John Griswold

John Griswold is a staff writer at The Common Reader. His most recent book is a collection of essays, Pirates You Don’t Know, and Other Adventures in the Examined Life (2014, University of Georgia Press). His forthcoming book about veterans at Standing Rock will be published in 2019. He is the founding Series Editor of Crux, a literary nonfiction book series at University of Georgia Press.

Posts by John Griswold

Hiraizumi to Akakura Onsen

This day’s walk would be nine miles, with an overloaded pack and 2,100 feet of elevation change. Three trains, including the “Peregrine Falcon,” one of Japan’s fastest shinkansen, took me to Naruko Onsen by 10 am. Full of egg-salad sandwich, yogurt, and coffee, I had a tickle of pleasure in my stomach, and a warm […]

Matsushima to Hiraizumi

At dawn the fishing boats of Matsushima swung on their anchors with the tide. A flock of cormorants, fishing a few yards from shore, panicked as a group, plashed across the water, and took flight. The port smelled of seawater and diesel. I was headed out for another day on the Basho trail, with more […]

Sendai to Matsushima

Cyclists were lined up at rail crossings, holding clear umbrellas and wearing clear plastic ponchos, during morning rush hour, somewhere in Tōhoku. The train from Sendai pulled in to an open platform with no station sign, and I asked a boy across the aisle if this was Kokufu-Tagajo. He looked up, alarmed, and by instinct […]

Tokyo to Sendai

“Don’t follow in the footsteps of the old poets, seek what they have sought,” Matsuo Bashō says, in the Hass translation. Too late: I am in Sendai, Japan, to begin walking a segment of Bashō’s Narrow Road. Besides, Bashō was chasing the poet Saigyō and thinking of other poets’ lives and work, as he and […]

On the Narrow Road to the Interior

I will be writing from Japan over the next weeks, thanks to The Newman Exploration Center and a Newman Exploration Travel Fund Grant, funded by the Eric P. & Evelyn Newman Foundation, at Washington University in St. Louis. My main activity will be to walk a segment of poet Matsuo Bashō’s journey along the “Narrow […]

Meet, Greet, and Gaze Lovingly Into Stars’ Eyes

Ever wonder what your favorite actors from old TV shows are up to? There is a chance they are down at the Hollywood Show, a fan meet-and-greet at the LAX Westin, as well as in Las Vegas and Chicago. It is in its 40th year. The Show is run by David and Esther Elkouby, owners […]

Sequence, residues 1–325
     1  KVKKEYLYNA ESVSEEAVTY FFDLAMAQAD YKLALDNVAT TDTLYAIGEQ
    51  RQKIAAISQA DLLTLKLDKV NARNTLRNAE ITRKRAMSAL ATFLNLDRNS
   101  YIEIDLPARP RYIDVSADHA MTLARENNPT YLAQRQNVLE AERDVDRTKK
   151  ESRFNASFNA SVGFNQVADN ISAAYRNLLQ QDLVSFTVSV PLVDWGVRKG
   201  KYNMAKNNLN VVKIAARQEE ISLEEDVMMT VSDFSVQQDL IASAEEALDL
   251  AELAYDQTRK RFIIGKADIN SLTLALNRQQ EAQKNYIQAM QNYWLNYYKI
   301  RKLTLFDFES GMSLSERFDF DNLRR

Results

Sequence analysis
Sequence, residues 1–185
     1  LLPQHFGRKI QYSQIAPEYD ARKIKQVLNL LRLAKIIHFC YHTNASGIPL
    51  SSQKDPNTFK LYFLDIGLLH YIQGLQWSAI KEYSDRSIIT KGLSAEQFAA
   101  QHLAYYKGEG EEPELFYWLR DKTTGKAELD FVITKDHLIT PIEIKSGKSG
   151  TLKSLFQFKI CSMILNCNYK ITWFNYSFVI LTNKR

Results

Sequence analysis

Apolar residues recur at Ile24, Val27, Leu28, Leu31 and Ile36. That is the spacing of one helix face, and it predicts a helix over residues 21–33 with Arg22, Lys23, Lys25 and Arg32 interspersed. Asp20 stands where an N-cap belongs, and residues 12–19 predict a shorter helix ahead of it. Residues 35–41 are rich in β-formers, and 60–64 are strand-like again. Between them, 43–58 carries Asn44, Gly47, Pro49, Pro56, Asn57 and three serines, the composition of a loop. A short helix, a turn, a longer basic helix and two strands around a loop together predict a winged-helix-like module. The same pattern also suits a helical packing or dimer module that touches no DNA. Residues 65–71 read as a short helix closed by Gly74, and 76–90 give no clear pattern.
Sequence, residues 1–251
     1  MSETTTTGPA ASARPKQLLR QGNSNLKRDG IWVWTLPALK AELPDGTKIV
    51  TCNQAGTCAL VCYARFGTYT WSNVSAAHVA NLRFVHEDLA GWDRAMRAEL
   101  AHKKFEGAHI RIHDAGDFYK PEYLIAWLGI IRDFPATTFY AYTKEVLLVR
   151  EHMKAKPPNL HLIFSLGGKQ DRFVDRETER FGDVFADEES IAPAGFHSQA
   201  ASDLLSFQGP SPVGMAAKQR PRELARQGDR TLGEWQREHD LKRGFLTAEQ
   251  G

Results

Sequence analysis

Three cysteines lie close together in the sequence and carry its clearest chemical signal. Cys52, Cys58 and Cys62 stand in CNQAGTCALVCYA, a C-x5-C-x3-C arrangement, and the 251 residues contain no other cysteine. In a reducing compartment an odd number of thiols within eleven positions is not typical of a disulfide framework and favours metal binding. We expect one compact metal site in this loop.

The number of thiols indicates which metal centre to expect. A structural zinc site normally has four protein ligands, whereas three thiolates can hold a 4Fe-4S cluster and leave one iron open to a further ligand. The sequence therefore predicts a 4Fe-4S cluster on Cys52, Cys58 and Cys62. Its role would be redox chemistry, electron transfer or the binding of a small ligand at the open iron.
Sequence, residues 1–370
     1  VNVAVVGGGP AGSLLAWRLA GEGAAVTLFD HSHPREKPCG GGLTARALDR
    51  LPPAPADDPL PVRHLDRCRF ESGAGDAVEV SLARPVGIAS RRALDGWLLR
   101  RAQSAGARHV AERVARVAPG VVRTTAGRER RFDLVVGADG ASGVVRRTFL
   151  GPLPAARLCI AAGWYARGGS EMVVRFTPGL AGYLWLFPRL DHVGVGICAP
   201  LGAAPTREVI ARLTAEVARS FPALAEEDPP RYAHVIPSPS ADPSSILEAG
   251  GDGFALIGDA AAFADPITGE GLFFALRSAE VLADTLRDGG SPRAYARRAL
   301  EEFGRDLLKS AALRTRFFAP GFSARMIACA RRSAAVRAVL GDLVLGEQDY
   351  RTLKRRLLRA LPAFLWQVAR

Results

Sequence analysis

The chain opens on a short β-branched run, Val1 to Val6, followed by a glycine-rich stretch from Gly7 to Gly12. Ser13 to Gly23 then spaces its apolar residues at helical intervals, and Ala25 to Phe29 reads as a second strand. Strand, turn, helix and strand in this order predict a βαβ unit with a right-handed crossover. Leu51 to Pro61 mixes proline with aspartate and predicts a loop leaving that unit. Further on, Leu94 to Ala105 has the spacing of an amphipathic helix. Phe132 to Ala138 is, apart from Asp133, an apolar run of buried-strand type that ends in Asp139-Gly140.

The Only Thing You Done Was Yesterday

Spoilers ahead.   After 12 seconds of a mysterious global blackout, the world of Yesterday becomes just a little different from ours. There is Pepsi, but no Coke; Stones but no Beatles. It is as if the secret conceit of the movie, directed by Danny Boyle (Trainspotting) and written by Richard Curtis (Love Actually), is […]

Like Ice Sitting on a Cold Stove

Good writing, like any craft or art, convinces us of its inevitability. “It’s like all your sentences always existed, just waiting around in Style Heaven, or wherever, for you to fetch them down,” the admiring student in Wonder Boys says. Maybe the better word is intentionality: the confidence that a work (novel, painting, song, poem) […]

Foraging the Good Stuff

Rob Connoley, who owns Bulrush STL, was foraging near I-170 this morning with three of his staff. Bulrush is the newly-opened restaurant in St. Louis with “contemporary interpretations of historic (1820-1870) Ozark cuisine.” “Everything is made from scratch, every single day,” Rob said as he picked mulberries from a tree on the grounds of Pinnacle […]

Pompeii and the Deep Unease of Absence

The St. Louis Science Center has an exhibit now called “Pompeii: The Exhibition,” with 150 artifacts on loan from the Naples National Archaeology Museum. “A volcano awakens, a city vanishes,” signs say. Visitors must look first at artifacts of everyday life in Pompeii, then stand through a short CGI movie of Vesuvius’ eruption in 79 […]